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Joined: Oct 2000
Posts: 2,749
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I would like to discuss some of the rules as they related to the NEC and other codes that may be applied on the roof top of this multifamily dwelling.

[Linked Image]


Joe Tedesco, NEC Consultant
2017 / 2014 NEC & Related Books and Study Guides
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As a firefighter, I think of having a fire in a room, or the cockloft under those A/C units. With the damage to the structure, and the building not being designed for the load, having one of those come down on us is a real possibility. [Linked Image]

As an EC, do you have any closer pics for us Joe? And which articles are you thinking of in particular?

The one which first pops to mind for me is about having a 15 or 20A GFCI protected "Heating, Air-Conditioning, and Refrigeration Equipment Outlet" on the rooftop, per 210-63 ('96 NEC).

Edited to add - just looked at my NEC - sorry!


[This message has been edited by DougW (edited 05-30-2004).]

Joined: Jan 2003
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210.63 is the section that requires the outlet for servicing the equipment.

It requires the outlet be within 25' of the equipment, so in Joe's picture there should be a few outlets at least.

As far as the roofs being designed for the weight of the equipment that is considered / required.

I doubt a structural engineer is involved when it is a small unit that would be the equivalent of a couple of people standing on the roof.

The roofs under large units must be built for it.

I was recently in a roof unit on a supper market that was tagged as weighing 18,000+ lbs.


Bob Badger
Construction & Maintenance Electrician
Massachusetts
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Yes, NEC 210.63 calls for one within 25 feet of the HACR units:

Quote
210.63 Heating, Air-Conditioning, and Refrigeration Equipment Outlet.

A 125-volt, single-phase, 15- or 20-ampere-rated receptacle outlet shall be installed at an accessible location for the servicing of heating, air-conditioning, and refrigeration equipment. The receptacle shall be located on the same level and within 7.5 m (25 ft) of the heating, air-conditioning, and refrigeration equipment. The receptacle outlet shall not be connected to the load side of the equipment disconnecting means.

FPN: See 210.8 for ground-fault circuit-interrupter requirements.

Article 440 covers this equipment, and 440.14 includes the disconnecting means rules.


Joe Tedesco, NEC Consultant
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Above post edited after I fetched my NEC.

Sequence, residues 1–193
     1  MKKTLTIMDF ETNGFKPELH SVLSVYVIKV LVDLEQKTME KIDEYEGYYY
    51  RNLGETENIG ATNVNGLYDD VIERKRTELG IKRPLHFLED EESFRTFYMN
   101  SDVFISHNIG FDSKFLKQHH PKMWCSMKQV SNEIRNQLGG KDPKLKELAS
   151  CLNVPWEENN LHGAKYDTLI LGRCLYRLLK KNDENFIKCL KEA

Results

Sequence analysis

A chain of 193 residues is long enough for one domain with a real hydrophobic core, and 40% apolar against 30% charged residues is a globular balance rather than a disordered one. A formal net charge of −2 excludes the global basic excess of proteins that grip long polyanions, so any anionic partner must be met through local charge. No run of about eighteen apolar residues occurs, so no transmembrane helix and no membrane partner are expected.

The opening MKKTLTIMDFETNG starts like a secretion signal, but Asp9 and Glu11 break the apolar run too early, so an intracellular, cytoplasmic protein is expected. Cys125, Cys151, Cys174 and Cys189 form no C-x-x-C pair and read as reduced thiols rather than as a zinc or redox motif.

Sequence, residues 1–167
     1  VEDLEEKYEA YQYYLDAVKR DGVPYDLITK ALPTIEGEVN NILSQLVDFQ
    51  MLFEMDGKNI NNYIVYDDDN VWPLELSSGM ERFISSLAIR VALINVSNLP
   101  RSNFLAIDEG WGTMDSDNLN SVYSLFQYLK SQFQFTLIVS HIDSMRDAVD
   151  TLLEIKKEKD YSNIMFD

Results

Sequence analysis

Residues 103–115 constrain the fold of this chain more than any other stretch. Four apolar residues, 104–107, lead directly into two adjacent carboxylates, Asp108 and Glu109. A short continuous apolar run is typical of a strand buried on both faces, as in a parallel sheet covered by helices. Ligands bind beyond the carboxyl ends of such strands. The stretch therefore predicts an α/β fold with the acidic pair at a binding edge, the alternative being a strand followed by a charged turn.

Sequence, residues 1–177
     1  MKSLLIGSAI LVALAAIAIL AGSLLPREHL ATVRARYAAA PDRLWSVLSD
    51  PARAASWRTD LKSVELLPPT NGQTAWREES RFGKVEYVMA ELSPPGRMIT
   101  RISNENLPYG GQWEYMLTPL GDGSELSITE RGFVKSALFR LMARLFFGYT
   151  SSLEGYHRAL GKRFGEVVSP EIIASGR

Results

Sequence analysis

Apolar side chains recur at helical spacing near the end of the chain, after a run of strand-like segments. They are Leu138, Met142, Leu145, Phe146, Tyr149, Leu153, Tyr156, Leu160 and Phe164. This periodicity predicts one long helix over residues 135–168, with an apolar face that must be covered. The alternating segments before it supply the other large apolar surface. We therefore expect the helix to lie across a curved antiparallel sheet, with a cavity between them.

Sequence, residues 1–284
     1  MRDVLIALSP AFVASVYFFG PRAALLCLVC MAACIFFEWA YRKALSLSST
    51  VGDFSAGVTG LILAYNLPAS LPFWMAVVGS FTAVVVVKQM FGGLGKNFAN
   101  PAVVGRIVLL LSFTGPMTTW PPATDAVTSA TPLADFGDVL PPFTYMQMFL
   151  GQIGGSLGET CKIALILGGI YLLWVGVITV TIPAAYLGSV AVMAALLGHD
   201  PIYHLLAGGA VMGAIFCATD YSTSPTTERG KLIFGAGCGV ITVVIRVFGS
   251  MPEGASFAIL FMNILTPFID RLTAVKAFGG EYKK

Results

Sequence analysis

<<DOH!>> [Linked Image]

(Open mounth, insert Code book)

I have seen the mentioned outlets mounted to the equipment frames or support structures.

What about working room requirements? I could see a problem if the D/C's were in the space between the two units.

Joined: Oct 2000
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closeup

[Linked Image]


The following gets you back to 110.26 for working space, always a problem in the field because the space is never enough.
Quote
440.3 Other Articles.

(A) Article 430. These provisions are in addition to, or amendatory of, the provisions of Article 430 and other articles in this Code, which apply except as modified in this article.


[This message has been edited by Joe Tedesco (edited 05-30-2004).]


Joe Tedesco, NEC Consultant
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A big mistake is the disconnect is mounted to the unit on a panel that needs to be removed for unit servicing.

Part of 440.14
Quote
The disconnecting means shall not be located on panels that are designed to allow access to the air-conditioning or refrigeration equipment.

Sometimes it is almost imposable to find a mounting place on the unit that is not a removable panel, a condenser coil, a vent for air flow and still provides the 110.26 workspace that some inspectors require and some do not.

Creative use of uni-strut will get you around these issues.


Bob Badger
Construction & Maintenance Electrician
Massachusetts
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From the looks of the picture
guard rails between the units
and the roof edge may be needed
here.

I believe Ryan has told me the
distance from the roof edge must
be 6' or guard rails required by
building code.

Bob


Bob Badger
Construction & Maintenance Electrician
Massachusetts
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Bob is right in that there would probably be a 42" gaurdrail installed, but this proviosion actually kicks in at 10',not 6'.


Ryan Jackson,
Salt Lake City
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More likely an A/C problem but why would there be a pedestal fan sitting up there pointed at one of the condensing units - trying to cover for a too-small or overloaded unit?
Around here, they have to build for a 30 pounds per sq. ft. snow load. The rooftop units likely are less than that and would not need any special structural consideration beyoun making the penetrations watertite and distributing the loads.

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